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updated: 2/18/2016 12:10 PM

Chicago Executive Airport Board Chairman Robert McKenzie resigns

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  • Robert McKenzie

    Robert McKenzie


The chairman of the board of directors at Chicago Executive Airport, Robert McKenzie, announced Thursday he is stepping down, effective immediately.

McKenzie sent his letter of resignation to Wheeling Village President Dean Argiris and Prospect Heights Mayor Nick Helmer Thursday morning.

He cited increased obligations at his law practice as his reason for leaving the board.

"I have concluded that I can no longer simultaneously manage my practice and my appointed position as chairman. Please accept my resignation," McKenzie said in his letter.

Argiris says McKenzie has been talking about resigning for the past two or three months after moving from Wheeling to Downers Grove.

"It was just time for a change, and he recognized that as well," Argiris said.

McKenzie has served as board chairman since November 2013.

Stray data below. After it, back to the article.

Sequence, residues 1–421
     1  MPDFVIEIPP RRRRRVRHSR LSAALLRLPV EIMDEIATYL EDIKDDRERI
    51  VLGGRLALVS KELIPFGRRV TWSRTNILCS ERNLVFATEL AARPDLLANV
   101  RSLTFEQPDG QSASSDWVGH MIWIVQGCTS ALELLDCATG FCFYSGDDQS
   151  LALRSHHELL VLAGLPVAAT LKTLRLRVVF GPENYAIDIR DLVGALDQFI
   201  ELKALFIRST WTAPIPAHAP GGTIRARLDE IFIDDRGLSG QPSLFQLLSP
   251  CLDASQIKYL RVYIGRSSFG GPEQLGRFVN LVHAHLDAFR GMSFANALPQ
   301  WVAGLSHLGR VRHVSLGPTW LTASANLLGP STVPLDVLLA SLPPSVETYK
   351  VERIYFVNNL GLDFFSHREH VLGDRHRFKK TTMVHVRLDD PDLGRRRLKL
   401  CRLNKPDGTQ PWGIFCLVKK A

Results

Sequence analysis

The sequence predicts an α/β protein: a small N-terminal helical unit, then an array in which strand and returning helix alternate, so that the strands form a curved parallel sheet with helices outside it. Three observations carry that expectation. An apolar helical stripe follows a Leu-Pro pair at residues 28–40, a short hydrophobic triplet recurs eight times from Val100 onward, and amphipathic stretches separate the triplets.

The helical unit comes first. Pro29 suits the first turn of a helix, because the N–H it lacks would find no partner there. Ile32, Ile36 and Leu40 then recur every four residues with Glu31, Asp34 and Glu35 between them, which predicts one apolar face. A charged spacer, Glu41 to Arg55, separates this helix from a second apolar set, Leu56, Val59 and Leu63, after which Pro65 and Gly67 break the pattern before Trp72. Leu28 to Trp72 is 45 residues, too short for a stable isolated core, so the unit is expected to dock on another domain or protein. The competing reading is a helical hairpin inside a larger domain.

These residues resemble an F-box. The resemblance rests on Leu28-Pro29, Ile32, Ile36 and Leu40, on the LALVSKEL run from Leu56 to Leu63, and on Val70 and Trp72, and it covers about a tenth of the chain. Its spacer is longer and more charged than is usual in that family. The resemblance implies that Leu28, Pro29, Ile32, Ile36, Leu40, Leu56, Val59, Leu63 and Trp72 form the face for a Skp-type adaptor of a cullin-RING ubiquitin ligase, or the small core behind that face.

"It's disappointing to lose a good person like Bob, but life goes on," Helmer said. "He was efficient and attentive and a person who listed to the board."

The next board chairman will be appointed by Argiris and Helmer, as the airport sits on land in Wheeling and Prospect Heights and is jointly owned by the two towns. Both agree they could fill the position in the next 30 days.

"The board can function without a chairman, at least temporarily," Helmer said.

A job description will be drawn up and posted online, and Argiris said they'll likely look at a mid-March application deadline.

The leaders of both municipalities say a good candidate for the position will have aviation knowledge, a business background and the ability to work with several governing bodies including the Federal Aviation Administration, Illinois Department of Transportation and the airport board of directors.

Argiris said the mayors don't have anyone in mind to fill the position.

McKenzie's appointment to board chairman in 2013 was noted as a milestone in ending a squabbling match between the two municipalities over the airport. They had disagreed on issues including who the chairman would be and where sales tax money collected on the Wheeling side of the airport should go.

Helmer says he doesn't expect past disagreements to taint the ability to appoint a new chairman.

"We have worked very closely in the last five years," Helmer said. "I can't say the relationship between Prospect Heights and Wheeling has always been that way, but it has been since Dean and I took over."

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